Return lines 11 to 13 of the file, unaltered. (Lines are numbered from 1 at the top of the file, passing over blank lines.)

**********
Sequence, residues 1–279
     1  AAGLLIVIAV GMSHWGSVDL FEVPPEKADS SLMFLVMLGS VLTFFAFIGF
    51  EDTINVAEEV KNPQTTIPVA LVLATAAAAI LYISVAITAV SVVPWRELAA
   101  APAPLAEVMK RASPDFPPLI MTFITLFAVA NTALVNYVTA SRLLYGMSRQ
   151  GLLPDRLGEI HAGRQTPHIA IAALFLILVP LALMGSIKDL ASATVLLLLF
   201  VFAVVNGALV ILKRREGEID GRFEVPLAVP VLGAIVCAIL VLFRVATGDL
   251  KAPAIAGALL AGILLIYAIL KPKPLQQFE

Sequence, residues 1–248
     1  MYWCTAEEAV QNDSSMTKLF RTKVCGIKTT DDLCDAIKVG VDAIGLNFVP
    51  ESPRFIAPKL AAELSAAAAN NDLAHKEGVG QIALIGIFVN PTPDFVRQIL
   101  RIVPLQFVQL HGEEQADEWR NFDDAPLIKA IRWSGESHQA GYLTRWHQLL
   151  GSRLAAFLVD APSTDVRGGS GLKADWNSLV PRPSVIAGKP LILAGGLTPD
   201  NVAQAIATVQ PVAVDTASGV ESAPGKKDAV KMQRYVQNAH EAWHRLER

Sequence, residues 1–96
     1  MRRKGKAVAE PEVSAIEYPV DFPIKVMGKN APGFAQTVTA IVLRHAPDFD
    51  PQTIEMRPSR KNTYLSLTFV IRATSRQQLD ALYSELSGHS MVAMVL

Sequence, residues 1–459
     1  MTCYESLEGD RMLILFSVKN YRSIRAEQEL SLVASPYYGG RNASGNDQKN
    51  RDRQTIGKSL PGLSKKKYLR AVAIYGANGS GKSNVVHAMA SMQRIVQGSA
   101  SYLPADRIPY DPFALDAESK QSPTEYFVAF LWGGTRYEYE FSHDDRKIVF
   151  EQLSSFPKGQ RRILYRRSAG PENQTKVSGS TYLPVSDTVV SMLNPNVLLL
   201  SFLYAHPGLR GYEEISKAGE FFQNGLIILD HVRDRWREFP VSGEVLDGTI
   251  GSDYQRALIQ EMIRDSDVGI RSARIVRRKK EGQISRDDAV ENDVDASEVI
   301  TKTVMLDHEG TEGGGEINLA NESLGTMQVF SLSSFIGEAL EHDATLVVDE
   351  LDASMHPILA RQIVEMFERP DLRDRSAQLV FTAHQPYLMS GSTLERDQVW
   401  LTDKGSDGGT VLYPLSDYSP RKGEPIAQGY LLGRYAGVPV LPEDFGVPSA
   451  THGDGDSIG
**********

   101  RIVPLQFVQL HGEEQADEWR NFDDAPLIKA IRWSGESHQA GYLTRWHQLL
   151  GSRLAAFLVD APSTDVRGGS GLKADWNSLV PRPSVIAGKP LILAGGLTPD
   201  NVAQAIATVQ PVAVDTASGV ESAPGKKDAV KMQRYVQNAH EAWHRLER